On the cusp of a New Year

As we approach the fresh start of a New Year, and at this precarious and fragile time in our world, we give thanks to our clients, our colleagues and our newly trained Consilium practitioners, and honor them by making donations to:

 Mothers Out Front (local) and Evergreen Collaborative (more global).

We’ve got the whole world in our hands…..

While at a Climate Crisis-focused TEDx this past weekend, not only was the fragility of our planet brought home to me, but whether we act upon our good intentions, was put into stark relief. 

Acting on our principles can come with a steep price, and yet we might never live to see the good that comes from our investment. However, our children and our children’s children may well be the beneficiaries of the choices we make today.  

While our planet is certainly much larger than any one of us individually, I see parallels between choices we must make about our planet and the personal decisions that I often see people struggle with in their own lives: cost/benefit analyses when thinking about “should I go, or should I stay?” And on financial levels–”Should I settle, or should I continue to negotiate or litigate? What are the costs? What is the price? What’s my immediate gratification versus the long-term gains?”

Some of the TEDx talks which I heard required the same analysis.  How does a country like Kazakhstan say no to nuclear weapons when they are threatened with the price of war? What does it mean to engage in nuclear warfare when your principles dictate nuclear weapons are anathema to humanity? What does it mean to refuse to engage in nuclear warfare when the decision not to do so might mean annihilation for your country? Togzhan Kassenova talked about the power she gained from her homeland’s decision to say No, and their ability to stand up to an oppressive political system by refusing to engage in chemical warfare even when the Soviet Union had used it as a nuclear test site.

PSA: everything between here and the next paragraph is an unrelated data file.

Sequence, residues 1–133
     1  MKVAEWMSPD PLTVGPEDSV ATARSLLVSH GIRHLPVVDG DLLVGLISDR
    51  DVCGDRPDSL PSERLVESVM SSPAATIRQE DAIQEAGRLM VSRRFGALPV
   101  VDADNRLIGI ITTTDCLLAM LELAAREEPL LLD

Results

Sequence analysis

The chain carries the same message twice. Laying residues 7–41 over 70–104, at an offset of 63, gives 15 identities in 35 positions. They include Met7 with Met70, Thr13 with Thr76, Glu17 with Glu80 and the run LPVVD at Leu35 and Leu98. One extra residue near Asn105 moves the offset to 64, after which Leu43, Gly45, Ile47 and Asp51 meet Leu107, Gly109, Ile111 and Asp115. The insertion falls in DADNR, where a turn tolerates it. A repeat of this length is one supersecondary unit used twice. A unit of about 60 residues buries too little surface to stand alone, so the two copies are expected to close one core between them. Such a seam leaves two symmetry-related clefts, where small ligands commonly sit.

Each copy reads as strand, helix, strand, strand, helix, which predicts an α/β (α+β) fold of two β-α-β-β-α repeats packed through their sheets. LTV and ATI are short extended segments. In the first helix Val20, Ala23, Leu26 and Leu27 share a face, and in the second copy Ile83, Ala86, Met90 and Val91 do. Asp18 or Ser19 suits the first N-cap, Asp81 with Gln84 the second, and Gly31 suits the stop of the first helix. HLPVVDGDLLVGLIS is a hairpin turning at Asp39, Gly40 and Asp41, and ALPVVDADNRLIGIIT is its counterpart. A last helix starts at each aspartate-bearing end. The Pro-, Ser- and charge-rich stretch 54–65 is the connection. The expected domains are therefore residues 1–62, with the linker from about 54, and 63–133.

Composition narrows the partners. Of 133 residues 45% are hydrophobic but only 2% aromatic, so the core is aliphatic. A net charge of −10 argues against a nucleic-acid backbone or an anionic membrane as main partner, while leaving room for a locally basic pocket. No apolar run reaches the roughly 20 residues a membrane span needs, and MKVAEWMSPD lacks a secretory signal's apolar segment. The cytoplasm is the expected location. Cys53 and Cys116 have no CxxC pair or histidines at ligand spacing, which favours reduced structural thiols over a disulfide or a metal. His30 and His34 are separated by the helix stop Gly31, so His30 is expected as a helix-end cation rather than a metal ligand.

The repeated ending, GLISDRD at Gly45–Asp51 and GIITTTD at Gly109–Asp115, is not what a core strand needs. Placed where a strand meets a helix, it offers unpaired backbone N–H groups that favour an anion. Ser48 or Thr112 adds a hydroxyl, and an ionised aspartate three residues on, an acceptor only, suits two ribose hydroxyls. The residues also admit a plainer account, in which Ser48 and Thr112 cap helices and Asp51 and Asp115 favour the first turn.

Ranjana Bhandari dissected the equities between our environments and our people as she  talked about the outsized impact of fracking on BIPOC communities, particularly that of her hometown of Arlington, Texas. Ranjana led a grassroots movement to stop fracking near Arlington’s schools after learning about the harm it was causing to local infants and children, which ranged from low birth weights to asthma to increased cases of cancer.  

What are the costs of our principles? What is the price of betraying them? What’s the cost of our immediate gratification versus the long-term gains of standing upon the values we espouse?   Perhaps the questions that keep us up at night, the questions we struggle to answer, are the ones we most need to ask. Solutions are possible, but not when decisions are made in isolation.  It’s undoubtedly true that our collective wisdom is greater than the wisdom any one of us may hold, whether in the microcosm of our families or in the world-at-large. 

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